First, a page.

Most likely everyone will say that honesty is the best policy, but they still might find it hard to always follow that. I would never condone someone I am with or myself to intentionally steal, whether it be my fault, a friend, or the cashiers. I think it would be understandable and not considered stealing if both you and the cashier didn't notice, though. If I had a friend along, I would hope they would speak up about it if it was seen. A good thing to think of if you have the urge to not scan an item is that you should treat others the way you want to be treated. If you had a business, would you want them to steal from you? I have myself accidentally not paid for an item at Target after using the self check out, but I can truly say that I went back into the store to pay for it after realizing in my car.

Submitted by Stephanie Graser on
I think that doing the ethical thing would be to speak up but I honestly don't know what I would do if I was with a friend and they did not notice. I would hope that I would be friends with people that simply only because they were distracted not because they were trying to pull a fast one. I do not know if I would have the courage to speak up on behalf of my friend thought if I am being honest.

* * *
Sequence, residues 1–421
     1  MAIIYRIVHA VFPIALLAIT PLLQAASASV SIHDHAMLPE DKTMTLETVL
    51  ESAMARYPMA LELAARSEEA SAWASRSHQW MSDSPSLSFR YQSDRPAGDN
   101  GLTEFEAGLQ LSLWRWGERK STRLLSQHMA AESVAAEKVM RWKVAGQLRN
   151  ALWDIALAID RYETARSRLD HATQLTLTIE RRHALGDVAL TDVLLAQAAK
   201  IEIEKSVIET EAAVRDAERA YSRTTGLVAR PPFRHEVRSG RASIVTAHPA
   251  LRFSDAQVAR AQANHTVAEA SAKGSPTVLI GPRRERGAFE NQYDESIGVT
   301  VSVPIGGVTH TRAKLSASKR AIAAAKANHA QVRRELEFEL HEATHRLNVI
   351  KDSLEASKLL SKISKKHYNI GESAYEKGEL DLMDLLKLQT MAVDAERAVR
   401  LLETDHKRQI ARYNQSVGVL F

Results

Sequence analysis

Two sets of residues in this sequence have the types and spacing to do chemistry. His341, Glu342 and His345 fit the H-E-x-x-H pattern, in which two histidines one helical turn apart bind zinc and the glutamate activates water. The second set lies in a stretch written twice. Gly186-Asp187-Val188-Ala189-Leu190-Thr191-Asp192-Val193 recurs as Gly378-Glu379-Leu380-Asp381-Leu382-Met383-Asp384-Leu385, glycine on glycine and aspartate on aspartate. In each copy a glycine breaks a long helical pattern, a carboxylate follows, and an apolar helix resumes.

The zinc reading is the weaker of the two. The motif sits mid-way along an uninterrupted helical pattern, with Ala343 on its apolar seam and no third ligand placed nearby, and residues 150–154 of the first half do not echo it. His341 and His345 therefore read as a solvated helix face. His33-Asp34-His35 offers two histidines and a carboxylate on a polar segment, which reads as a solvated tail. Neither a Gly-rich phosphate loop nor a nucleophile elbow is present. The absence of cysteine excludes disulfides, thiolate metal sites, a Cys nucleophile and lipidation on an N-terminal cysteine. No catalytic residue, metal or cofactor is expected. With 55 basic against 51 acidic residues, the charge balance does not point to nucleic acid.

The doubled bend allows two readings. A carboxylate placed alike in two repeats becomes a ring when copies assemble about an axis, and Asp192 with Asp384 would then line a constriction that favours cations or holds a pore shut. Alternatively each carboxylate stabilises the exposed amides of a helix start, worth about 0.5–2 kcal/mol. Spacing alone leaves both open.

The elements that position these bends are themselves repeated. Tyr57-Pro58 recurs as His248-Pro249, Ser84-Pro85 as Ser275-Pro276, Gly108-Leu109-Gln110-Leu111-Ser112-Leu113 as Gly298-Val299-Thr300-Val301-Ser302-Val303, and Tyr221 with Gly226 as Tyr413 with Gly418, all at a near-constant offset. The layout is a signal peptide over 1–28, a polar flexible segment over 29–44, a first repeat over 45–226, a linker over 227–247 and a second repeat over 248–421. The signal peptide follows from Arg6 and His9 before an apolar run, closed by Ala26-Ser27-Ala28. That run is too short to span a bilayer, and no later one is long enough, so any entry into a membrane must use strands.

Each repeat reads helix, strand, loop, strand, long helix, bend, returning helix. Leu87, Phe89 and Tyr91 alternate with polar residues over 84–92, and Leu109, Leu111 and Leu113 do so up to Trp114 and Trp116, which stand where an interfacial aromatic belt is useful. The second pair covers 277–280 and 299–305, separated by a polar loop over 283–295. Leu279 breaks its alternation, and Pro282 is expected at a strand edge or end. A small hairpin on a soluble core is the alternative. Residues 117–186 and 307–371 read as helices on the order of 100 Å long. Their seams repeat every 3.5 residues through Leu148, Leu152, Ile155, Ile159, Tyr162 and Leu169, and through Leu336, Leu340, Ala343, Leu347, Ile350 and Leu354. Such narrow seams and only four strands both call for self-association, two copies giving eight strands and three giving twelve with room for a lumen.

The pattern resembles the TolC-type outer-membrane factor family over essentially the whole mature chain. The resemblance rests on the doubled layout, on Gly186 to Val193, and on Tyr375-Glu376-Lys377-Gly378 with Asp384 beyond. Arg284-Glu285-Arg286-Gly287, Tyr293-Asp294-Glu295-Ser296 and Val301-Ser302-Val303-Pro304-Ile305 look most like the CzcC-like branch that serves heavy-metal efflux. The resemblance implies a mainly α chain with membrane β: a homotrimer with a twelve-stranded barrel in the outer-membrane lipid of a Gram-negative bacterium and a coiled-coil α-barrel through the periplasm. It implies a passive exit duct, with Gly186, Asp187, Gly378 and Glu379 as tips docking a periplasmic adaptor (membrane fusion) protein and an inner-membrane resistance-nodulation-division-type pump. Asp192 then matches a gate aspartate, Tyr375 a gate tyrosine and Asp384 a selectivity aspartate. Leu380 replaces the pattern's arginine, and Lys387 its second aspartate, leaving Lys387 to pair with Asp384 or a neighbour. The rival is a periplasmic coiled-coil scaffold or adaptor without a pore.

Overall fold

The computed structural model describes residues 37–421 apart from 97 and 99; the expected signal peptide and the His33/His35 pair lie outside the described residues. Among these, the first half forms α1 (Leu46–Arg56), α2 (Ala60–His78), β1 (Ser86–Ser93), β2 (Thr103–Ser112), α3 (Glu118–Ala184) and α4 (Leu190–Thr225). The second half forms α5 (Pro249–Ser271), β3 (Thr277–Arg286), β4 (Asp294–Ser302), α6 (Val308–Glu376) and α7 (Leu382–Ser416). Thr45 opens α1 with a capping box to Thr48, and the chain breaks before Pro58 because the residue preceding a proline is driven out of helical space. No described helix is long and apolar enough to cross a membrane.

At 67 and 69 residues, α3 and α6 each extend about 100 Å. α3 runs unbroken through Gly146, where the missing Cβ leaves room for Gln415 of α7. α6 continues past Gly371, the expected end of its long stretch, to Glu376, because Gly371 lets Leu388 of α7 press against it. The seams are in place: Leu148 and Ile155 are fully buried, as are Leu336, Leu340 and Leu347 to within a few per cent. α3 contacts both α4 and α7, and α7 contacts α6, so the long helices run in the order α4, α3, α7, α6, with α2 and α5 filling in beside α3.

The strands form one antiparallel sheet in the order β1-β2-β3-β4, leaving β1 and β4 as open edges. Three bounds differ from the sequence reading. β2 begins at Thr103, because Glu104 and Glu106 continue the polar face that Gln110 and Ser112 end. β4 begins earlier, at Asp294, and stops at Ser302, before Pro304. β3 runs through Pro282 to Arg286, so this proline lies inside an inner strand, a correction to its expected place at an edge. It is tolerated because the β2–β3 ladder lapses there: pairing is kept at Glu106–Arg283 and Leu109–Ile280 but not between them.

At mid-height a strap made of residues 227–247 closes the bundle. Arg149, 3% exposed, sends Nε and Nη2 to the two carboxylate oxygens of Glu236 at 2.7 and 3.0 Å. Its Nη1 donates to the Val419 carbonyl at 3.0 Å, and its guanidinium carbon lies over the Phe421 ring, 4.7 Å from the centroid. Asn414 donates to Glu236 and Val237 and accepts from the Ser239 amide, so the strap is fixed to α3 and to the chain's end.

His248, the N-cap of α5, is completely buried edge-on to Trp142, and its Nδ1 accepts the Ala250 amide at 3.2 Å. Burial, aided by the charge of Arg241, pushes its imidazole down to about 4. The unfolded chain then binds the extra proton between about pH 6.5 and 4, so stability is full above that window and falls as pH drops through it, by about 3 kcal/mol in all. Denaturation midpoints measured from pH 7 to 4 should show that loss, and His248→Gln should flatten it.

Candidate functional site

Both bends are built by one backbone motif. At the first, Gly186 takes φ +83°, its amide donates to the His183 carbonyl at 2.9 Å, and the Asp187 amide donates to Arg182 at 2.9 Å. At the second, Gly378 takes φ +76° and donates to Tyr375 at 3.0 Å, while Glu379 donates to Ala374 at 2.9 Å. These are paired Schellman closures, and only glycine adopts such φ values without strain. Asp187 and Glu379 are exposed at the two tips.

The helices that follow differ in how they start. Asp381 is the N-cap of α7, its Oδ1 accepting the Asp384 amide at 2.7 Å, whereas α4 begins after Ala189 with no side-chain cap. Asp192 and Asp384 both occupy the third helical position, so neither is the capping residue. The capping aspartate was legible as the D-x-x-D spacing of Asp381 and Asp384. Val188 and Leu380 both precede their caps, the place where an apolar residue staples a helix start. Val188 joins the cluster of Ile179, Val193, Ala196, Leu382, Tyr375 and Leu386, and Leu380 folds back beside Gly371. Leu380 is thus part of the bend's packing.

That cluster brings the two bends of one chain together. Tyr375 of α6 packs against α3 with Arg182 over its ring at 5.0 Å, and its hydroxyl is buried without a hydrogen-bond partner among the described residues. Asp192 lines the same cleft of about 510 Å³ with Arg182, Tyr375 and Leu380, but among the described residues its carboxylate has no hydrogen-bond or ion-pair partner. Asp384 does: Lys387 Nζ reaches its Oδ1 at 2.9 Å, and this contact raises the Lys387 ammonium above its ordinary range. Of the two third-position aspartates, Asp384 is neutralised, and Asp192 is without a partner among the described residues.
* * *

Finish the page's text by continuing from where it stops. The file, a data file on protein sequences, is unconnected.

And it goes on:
Submitted by Logan Willis on
I think honesty is quite the straight subject as we all are expecting of the same things. We want to be treated how we treat others with that being the main way most of us were taught to be probably growing up. I remember being at work one day and someone being so upset about something and uncooperative with everyone she had later been sent home early as she was seen in need of some time alone after finding out a close one to her had passed away. You never know what someone could be going through in a day they may not have the same attitude you have. Never judge someone with what you don't know they're going through is an important thing to understand in life. Now not everyone thinks the same if your desperate for money during the time you may not say anything and that could bother you later in the day or your fine with it. These things are just ethical thoughts varying between people so you'll never know how you will act there until in the situation. That's another important concept is saying you know how you'll handle but its a whole different concept when your actually put in the situation itself. That's when your views will truly shine.